BOLOGNESE


sb2My family started making spaghetti bolognese on the fire during camping trips in Botswana and Namibia when I was a teenager. As much as I like braaied steak and boerewors, you can’t eat that every day. The secret to a great bolognese sauce is to simmer it over low coals for a few hours. The problem with cooking something that smells this good for 3 hours when camping in the Central Kalahari Game Reserve is that a pride of lions might smell it as well and pay your camp a visit, as happened to us one evening. We ate in the car that night.

WHAT YOU NEED (serves 4–6)

  • 2 tots olive oil
  • 1 onion (finely chopped)
  • 1 carrot (grated)
  • 1 celery stick (finely chopped)
  • 500 g lean beef mince
  • 200–250 g smoked streaky bacon (diced)
  • ½ tot mixed dried herbs (or 1 tot finely chopped fresh herbs like basil, thyme and parsley)
  • ½ cup dry red wine
  • 2 tins chopped tomatoes
  • 2 tots tomato paste
  • 1 tsp sugar
  • ½ tot lemon juice
  • 1 tsp salt
  • 1 tsp ground black pepper
  • To serve: 500 g pasta like tagliatelle or spaghetti
  • Parmesan cheese (grated or shaved)

WHAT TO DO

  1. Heat oil in a potjie over a medium-hot fire. Add the onion, carrot and celery and gently fry for 5–10 minutes until the onions are soft and shiny but not brown.
  2. Add the mince, bacon and herbs to the pot and fry for 10 minutes until the meat starts to brown. Stir often and break up any lumps in the mince. You want the bottom of the pot to become slightly brown and sticky here and there, as this adds flavour to the meal, but you don’t want it to actually burn.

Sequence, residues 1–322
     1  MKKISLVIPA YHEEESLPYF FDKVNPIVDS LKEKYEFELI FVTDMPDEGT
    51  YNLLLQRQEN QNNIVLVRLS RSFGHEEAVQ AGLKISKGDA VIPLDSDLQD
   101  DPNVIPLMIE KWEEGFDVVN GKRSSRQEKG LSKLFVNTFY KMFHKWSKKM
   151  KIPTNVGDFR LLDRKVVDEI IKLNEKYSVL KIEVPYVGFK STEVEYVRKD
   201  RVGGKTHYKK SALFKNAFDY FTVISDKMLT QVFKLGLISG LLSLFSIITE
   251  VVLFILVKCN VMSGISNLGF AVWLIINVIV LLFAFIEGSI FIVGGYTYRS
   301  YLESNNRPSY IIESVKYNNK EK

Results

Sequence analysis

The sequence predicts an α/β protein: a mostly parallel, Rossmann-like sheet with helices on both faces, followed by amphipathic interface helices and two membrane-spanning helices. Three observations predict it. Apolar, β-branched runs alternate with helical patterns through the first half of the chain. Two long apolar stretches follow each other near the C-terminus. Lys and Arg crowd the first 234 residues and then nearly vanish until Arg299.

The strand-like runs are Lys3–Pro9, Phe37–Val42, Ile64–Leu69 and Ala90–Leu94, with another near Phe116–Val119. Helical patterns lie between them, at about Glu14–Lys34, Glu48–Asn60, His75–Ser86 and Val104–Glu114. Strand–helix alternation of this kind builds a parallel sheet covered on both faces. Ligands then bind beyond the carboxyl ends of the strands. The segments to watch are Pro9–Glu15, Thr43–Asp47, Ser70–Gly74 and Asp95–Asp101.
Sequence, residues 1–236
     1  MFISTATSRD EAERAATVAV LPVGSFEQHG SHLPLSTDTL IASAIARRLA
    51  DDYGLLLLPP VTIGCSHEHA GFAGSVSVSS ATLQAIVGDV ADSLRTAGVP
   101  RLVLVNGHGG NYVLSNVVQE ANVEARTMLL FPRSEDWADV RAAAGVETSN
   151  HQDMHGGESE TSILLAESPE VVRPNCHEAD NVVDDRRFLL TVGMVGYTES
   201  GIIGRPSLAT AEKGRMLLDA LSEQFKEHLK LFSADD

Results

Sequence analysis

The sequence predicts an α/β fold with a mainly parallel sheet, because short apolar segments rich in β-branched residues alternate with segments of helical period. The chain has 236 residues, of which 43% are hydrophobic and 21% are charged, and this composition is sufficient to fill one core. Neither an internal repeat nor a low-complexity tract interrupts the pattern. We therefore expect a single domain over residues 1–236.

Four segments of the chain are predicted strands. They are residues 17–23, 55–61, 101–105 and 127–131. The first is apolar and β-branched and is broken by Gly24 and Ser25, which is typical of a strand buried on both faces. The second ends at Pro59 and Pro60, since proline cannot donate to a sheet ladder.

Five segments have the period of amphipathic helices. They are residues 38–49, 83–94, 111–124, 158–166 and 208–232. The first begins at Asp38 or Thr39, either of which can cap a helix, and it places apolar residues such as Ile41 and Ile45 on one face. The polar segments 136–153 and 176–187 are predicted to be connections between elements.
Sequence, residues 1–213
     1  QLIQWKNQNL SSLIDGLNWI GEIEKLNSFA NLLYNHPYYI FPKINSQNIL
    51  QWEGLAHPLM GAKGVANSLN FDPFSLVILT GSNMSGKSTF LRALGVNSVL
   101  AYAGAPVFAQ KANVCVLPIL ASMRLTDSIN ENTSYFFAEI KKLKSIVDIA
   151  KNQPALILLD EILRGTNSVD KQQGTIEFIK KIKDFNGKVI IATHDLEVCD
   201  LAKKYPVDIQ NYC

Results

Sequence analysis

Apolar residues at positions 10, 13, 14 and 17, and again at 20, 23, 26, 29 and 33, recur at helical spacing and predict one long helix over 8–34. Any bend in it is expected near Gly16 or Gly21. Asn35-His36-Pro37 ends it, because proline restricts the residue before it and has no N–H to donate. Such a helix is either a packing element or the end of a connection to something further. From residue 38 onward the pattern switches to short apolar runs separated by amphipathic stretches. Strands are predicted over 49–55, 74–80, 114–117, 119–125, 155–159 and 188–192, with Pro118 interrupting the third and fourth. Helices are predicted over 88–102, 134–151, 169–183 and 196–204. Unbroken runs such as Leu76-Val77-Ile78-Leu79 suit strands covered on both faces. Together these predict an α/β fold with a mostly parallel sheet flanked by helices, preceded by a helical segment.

3. Pour in the wine and stir well. Use your spoon to scrape and loosen any bits of meat or other matter stuck to the bottom of the pot. Cook until the wine is almost completely reduced.
  4. Now add the tomatoes, tomato paste, sugar, lemon juice, salt and pepper. Stir well and bring to a simmer over low heat. Put the lid on the pot and simmer for 2 hours, stirring every 20–30 minutes to ensure that the sauce doesn’t cook dry and burn. You need very low and gentle heat, exactly the opposite of braaing steak. (If the pot runs dry, add a bit of water.)
  5. After 2 hours, take off the lid and simmer uncovered for another 20-odd minutes. While you enjoy the aroma, keep a close eye on the pot – you want the sauce to reduce and thicken but not burn. During this time, cook the pasta in salted water in a separate pot.
  6. When you’re happy with the bolognese sauce, serve the sauce with the pasta and a handful of grated Parmesan.
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